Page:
Investigators resumed recovering debris today from the New Jersey plane crash that killed all five people aboard, including two managing directors of Greenhill & Co.
About 40 percent of the wreckage of the single-engine plane that plunged onto a highway in northern New Jersey yesterday, killing Jeffrey F. Buckalew and Rakesh Chawla, had been recovered by dark last night, said Robert Gretz, an investigator with the National Transportation Safety Board. Debris was spread over a half mile (800 meters), he said.
Buckalew’s wife, Corinne, and two children, Jackson and Meriwether, were believed to be aboard the plane, according to a statement from New York-based advisory firm Greenhill. Three adults and two children on the plane haven’t yet been positively identified, Gretz said at a briefing last night. A dog on the plane was killed, he said.
The Socata TBM 700 turboprop plane, which seated six people, took off from Teterboro, New Jersey, at 9:50 a.m. and crashed about 14 minutes later after the pilot discussed icing conditions with flight controllers, Gretz said. The plane was en route to DeKalb-Peachtree Airport near Atlanta, according to flightaware.com.
There was “moderate” to “severe” icing in the area the Socata was flying through, air-traffic controllers said in recordings posted on the LiveATC.net website.
The plane belonged to Buckalew, according to Greenhill’s statement. The address on Buckalew’s FAA license was the same address for Cool Stream LLC, the registered owner of the Socata. He had been awarded his private-pilot’s license since at least January 2002, and the certificate was updated in June 2010 to let him fly a single-engine airplane and use instruments for takeoff and landing, according to U.S. Federal Aviation Administration data. His last medical check was in July.
Traveling on Business
Buckalew, 45, led Greenhill’s North American advisory activities. He started at the firm in 1996, the year it was founded, after working at Salomon Brothers, according to the company. Chawla, 36, was a managing director for the financial-services sector. He joined Greenhill in 2003 from Blackstone Group LP.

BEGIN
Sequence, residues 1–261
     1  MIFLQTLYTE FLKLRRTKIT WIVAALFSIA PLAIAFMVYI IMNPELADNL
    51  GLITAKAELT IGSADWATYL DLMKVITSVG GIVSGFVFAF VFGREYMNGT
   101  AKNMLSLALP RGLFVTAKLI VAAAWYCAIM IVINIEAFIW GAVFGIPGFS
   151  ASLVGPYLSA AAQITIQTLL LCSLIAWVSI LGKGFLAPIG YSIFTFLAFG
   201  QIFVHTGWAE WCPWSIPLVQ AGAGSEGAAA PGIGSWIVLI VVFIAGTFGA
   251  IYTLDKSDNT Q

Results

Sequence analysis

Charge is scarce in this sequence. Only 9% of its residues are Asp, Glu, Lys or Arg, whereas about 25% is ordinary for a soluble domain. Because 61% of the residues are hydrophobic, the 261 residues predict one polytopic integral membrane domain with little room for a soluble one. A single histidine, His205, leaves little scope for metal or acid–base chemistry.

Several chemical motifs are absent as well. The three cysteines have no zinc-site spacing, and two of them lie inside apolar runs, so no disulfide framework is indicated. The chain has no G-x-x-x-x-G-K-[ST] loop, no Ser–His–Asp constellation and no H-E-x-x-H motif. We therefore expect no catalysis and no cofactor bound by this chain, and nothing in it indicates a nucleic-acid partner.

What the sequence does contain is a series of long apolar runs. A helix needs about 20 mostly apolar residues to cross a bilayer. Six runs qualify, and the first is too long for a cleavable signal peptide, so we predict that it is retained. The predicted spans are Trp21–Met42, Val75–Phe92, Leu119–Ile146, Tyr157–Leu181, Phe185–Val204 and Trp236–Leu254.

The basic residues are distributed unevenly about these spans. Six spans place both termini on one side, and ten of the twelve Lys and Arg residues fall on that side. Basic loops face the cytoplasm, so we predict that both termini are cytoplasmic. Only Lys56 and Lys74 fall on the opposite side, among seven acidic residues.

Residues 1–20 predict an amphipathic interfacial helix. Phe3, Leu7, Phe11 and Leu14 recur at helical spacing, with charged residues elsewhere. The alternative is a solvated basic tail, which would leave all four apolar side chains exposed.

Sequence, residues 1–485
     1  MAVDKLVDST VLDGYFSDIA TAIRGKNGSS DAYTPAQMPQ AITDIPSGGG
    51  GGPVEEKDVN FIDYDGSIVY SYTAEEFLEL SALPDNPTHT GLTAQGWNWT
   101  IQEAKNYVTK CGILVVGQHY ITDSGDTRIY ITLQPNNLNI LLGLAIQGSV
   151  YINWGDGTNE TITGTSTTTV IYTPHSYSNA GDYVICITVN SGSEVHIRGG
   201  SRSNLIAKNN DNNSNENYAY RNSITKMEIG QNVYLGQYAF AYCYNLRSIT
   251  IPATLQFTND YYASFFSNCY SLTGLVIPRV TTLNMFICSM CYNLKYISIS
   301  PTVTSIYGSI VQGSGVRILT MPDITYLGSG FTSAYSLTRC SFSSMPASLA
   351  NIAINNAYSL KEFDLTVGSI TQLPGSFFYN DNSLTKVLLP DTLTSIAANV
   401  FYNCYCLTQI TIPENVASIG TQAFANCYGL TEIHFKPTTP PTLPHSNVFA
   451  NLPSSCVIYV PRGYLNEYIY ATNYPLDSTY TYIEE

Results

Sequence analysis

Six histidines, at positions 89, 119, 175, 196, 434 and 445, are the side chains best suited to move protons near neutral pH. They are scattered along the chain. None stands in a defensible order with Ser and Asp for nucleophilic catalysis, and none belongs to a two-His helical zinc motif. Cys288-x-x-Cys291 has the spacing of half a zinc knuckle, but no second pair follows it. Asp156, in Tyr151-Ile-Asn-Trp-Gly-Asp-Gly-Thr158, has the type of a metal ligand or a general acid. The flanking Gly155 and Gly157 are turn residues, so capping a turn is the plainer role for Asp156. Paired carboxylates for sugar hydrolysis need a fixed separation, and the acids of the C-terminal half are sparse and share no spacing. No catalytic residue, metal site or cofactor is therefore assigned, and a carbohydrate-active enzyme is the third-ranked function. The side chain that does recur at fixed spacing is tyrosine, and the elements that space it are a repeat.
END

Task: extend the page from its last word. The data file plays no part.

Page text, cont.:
The executives were traveling on business for Greenhill, said a person familiar with the matter, who spoke on condition of anonymity because the information hadn’t been made public.
“The firm is in deep mourning over the tragic and untimely death of two of its esteemed colleagues and members of Jeff’s family,” Chairman Robert Greenhill and Chief Executive Officer Scott Bok said in the statement yesterday. “Jeff was one of the first employees of Greenhill. He and Rakesh were extraordinary professionals who were highly respected by colleagues and clients alike.”
Crashes on Interstate
The plane crashed on Interstate 287 in Harding, New Jersey, about 35 miles west of Manhattan, state police said on Twitter. Witnesses told the New York Daily News that the plane appeared to have broken up in flight. A tree-cutting service was to be brought in today to retrieve parts of the plane lodged in a tree, Gretz said.
The Socata reached about 126 knots as it climbed and then slowed to 90 knots about 10 a.m., according to flight data captured by flightaware.com.
The plane’s stall speed is about 80 knots, meaning it might have gone into a spin or tumble and that the pilot’s efforts to recover may have overstressed the wing, said Bill Waldock, a professor of safety science at Embry-Riddle Aeronautical University’s campus in Prescott, Arizona.
“Ice is going to be a factor they will look at and why it started slowing down,” Waldock said. “If the plane had much ice, that’s going to increase drag tremendously, further slowing the plane.”
Personal Aircraft Accidents
There were 852 accidents in the U.S. involving personal aircraft during the first 10 months of this year, killing 279 people, according to a Dec. 1 report from the National Transportation Safety Board. There were 25 commercial aircraft accidents in the period, mostly involving turbulence and none of which caused fatalities or substantial damage, the report shows.
Buckalew, who received a bachelor’s degree and master’s in business administration from the University of North Carolina, advised on transactions in various industries, including VF Corp.’s $1.97 billion purchase of Timberland Co., Bok said in an e-mailed statement.
“Jeff was a wonderful man,” Craig W. Ashmore, who leads M&A strategy for Emerson Electric Co., said in an e-mailed statement. “He was an exceptional banker who gave Emerson insightful advice, and he was even-tempered, thoughtful and just fun to be around.”
Buckalew often won the company’s annual summer golf outing, Bok said in the statement, and Golf Digest had named him among the top golfers in finance.
Chawla received a bachelor’s degree from the University of Virginia and an MBA from the Wharton School at the University of Pennsylvania, Bok said in the statement. He helped advise the U.S. Treasury Department on managing and disposing of the government’s majority stake in American International Group Inc., the New York-based insurer bailed out during the 2008 financial crisis, according to Bok.
Greenhill owns a plane used by employees for business travel and by Robert Greenhill and his family for business and personal travel, the firm said in a March regulatory filing. Greenhill personnel also use airplanes owned by the chairman for business travel, the filing shows.